directly to the skin.

We generally use organic, cold-pressed oils such as almond,
grapeseed, jojoba or sesame as carrier oils and buy them in small
amounts so they are fresh. Usually we blend two or three, sometimes
four, different essential oils together when making blends for the
bath or massage. We use 20 to 24 drops of essential oil to 2 ounces
(about 4 tablespoons or 1/4 cup) of carrier oil for bath blends,
less for massage oils. You can use more essential oil in a bath
blend because it will be extremely diluted in a tub of hot

We use bath oils for cold symptoms (this works well for
children), muscle aches, to soothe and relax, or to renew and
stimulate. A blend we frequently use for colds and flu is
eucalyptus and lavender, with a drop or two of tea tree and one
drop of peppermint, lemon or sweet orange. Susan mixes up a special
blend that she calls Bliss Blend that contains lavender, clary
sage, cedarwood and a drop or two of chamomile, which she finds
blissful at the end of a long day. For relaxation, we use lavender,
a little chamomile or ylang ylang and a drop or two of cedar or
exotic sandalwood.

For massage oil, we use a much smaller amount of essential oil
because we don’t want to overwhelm the person being massaged. Start
with 6 to 10 drops in 2 ounces of carrier oil, cap it and shake it
up, and then rub a tiny bit on the back of your hand and sniff to
see if you want to add more essential oil. The act of massage is
relaxing, and you can use oils to soothe, but you can also make
blends that are warming or sensual. Find out if your recipient has
a favorite scent and then use it as the basis of a special blend
for them. A very pleasant blend is lavender, sandalwood and one
drop of patchouli. We also like ylang ylang, neroli or jasmine,
which are fragrant and sensual, combined with a little clary sage
or cedarwood for balance. Go lightly at first: You can always add a
few more drops of essential oil.


Epsom salts are a good soaking aid for relieving muscle fatigue
and drawing out toxins. Milk powder makes the skin soft and silky;
but it isn’t absolutely necessary. Once prepared, these salts might
seem strong, but remember your recipient will be using a small
amount in a tubful of hot water, so the aromas will dissipate. Put
3 to 4 tablespoons into the tub toward the end of drawing your bath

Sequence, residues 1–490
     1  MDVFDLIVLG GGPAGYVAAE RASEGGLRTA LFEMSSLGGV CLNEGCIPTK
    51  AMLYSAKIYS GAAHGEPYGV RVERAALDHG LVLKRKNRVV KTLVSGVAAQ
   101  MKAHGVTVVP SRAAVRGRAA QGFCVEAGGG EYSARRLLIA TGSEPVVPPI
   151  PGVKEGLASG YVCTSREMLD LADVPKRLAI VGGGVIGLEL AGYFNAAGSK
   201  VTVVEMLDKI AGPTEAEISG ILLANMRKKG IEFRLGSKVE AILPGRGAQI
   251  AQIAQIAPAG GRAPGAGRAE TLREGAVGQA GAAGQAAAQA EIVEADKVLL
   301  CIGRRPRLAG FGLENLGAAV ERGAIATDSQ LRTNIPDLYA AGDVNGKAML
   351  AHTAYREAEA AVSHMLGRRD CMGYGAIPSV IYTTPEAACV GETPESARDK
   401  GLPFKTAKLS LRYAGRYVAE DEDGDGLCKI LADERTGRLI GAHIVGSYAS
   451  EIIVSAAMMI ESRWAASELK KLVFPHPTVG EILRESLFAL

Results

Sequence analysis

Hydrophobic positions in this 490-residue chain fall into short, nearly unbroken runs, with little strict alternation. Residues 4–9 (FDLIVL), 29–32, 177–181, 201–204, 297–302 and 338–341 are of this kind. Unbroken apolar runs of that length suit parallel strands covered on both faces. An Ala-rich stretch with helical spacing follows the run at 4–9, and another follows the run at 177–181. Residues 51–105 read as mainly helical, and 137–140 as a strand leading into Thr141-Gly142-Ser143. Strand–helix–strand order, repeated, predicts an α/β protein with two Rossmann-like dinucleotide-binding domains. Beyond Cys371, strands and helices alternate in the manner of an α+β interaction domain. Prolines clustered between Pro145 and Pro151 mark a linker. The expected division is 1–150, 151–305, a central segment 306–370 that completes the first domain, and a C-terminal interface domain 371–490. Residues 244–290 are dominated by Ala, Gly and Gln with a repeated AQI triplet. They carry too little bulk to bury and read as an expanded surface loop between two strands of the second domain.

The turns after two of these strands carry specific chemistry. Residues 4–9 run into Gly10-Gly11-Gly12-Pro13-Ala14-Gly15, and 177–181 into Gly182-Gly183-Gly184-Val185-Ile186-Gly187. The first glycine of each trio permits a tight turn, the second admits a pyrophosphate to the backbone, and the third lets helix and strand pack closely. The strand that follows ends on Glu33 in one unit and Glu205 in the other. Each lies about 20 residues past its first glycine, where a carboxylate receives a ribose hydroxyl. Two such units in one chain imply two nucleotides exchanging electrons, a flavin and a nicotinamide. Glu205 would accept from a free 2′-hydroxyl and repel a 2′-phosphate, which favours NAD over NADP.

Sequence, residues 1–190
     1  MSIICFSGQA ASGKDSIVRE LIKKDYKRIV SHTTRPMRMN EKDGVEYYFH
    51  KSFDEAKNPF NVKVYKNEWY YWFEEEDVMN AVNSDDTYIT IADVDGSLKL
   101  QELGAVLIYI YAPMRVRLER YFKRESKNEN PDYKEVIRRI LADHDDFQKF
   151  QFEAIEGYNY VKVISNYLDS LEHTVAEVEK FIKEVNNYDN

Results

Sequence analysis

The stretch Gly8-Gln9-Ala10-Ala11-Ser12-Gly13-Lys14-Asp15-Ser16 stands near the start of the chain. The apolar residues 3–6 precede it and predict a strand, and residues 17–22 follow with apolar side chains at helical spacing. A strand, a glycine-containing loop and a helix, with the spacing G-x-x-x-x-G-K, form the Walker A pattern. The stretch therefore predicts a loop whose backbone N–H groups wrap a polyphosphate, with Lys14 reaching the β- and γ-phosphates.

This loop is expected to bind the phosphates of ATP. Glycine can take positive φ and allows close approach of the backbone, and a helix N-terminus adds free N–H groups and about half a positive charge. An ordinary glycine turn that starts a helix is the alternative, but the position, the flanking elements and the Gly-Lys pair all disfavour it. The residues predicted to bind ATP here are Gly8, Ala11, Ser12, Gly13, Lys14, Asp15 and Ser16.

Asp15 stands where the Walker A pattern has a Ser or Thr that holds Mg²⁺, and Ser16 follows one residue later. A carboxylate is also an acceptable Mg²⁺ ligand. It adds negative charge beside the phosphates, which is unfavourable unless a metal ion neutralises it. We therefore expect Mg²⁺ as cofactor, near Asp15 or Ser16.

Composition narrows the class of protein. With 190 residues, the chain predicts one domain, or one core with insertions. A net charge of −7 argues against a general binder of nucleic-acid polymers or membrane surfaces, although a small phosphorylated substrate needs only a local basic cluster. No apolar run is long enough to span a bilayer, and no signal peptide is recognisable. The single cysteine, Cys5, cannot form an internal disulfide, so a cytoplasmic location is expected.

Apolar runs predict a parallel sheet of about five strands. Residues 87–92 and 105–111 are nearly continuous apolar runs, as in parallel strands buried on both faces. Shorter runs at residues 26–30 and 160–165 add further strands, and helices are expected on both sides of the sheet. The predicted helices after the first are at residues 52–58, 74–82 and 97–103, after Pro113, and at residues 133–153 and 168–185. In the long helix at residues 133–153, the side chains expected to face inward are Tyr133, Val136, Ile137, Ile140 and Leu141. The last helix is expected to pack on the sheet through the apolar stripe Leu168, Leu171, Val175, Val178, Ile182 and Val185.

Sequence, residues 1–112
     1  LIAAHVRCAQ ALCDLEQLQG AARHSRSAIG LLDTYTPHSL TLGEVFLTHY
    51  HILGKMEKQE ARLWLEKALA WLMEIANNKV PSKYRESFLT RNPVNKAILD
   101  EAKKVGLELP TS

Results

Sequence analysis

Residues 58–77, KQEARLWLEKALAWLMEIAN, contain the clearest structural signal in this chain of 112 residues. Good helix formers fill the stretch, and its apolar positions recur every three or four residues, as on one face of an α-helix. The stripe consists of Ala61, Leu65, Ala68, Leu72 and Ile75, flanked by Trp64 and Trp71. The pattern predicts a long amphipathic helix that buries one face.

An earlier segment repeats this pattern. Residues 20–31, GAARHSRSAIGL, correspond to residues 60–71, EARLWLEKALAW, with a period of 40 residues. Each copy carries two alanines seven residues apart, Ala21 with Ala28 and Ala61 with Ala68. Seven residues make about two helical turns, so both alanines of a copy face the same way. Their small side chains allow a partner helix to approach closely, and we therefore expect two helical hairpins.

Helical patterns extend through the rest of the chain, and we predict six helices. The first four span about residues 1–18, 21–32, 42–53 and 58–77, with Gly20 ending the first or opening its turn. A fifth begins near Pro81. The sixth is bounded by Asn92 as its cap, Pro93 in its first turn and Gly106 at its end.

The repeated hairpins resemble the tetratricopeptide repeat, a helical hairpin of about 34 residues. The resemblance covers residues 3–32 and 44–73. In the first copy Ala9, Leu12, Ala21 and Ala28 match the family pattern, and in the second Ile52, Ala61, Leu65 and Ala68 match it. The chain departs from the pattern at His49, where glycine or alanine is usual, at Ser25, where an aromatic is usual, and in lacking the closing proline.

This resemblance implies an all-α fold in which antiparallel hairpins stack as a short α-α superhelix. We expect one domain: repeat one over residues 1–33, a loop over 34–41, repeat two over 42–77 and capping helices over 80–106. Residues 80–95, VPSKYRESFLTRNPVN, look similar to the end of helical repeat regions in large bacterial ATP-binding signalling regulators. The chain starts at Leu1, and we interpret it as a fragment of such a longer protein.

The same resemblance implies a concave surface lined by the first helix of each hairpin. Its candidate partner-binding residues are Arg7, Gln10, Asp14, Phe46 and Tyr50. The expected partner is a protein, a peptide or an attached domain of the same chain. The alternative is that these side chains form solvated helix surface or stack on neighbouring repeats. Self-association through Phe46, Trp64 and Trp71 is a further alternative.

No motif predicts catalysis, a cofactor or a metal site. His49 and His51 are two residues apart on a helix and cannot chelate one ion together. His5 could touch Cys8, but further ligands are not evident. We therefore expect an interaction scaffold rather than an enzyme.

and stir with your hand. Relax and indulge yourself.

The following recipe makes one 8-ounce jar and easily can be
multiplied to make large quantities for gift-giving.

Scant 1 cup Epsom salts
8 to 10 drops essential oil
2 tablespoons milk powder

Put salts in a glass or nonreactive bowl and sprinkle essential
oil over. Use a spoon or your hands to stir it and work it around.
Add milk powder and blend well. Pour the mixture into a jar, cover
with a lid and label with the ingredients and directions for using
the bath salts.


Soaking the feet is one of herbalists’ best traditions,
requiring the soaker to sit still for a time to concentrate on
doing something good for the entire body. Reflexology teaches us
that the feet contain points that correspond to every organ in the
body. Soaking the feet is even good for a headache.

Foot-soak preparations are decoctions and/or infusions. A
decoction is made by simmering barks and roots for at least 20
minutes to dissolve tannins and other beneficial elements of the
plant. To make an infusion, boil water, remove from heat, then add
herb leaves, flowers and stems. Strain the finished products and
toss the used foot-soak herbs into the compost or out in the garden
rather than plug up the plumbing.

For a gift basket, these products can be packaged together,
along with instructions for use, a luffa gourd, maybe a pumice
stone and an organic cotton bath towel. We use big, speckled enamel
bowls that we keep just for foot soaks. To provide equipment for
the first-time foot soaker, check your pharmacy or mail-order
catalogs for foot soak machines — we’ve seen some pretty fancy
electronic or battery-operated machines brought to our pamper
parties. Antique-store shoppers can still find large enameled wash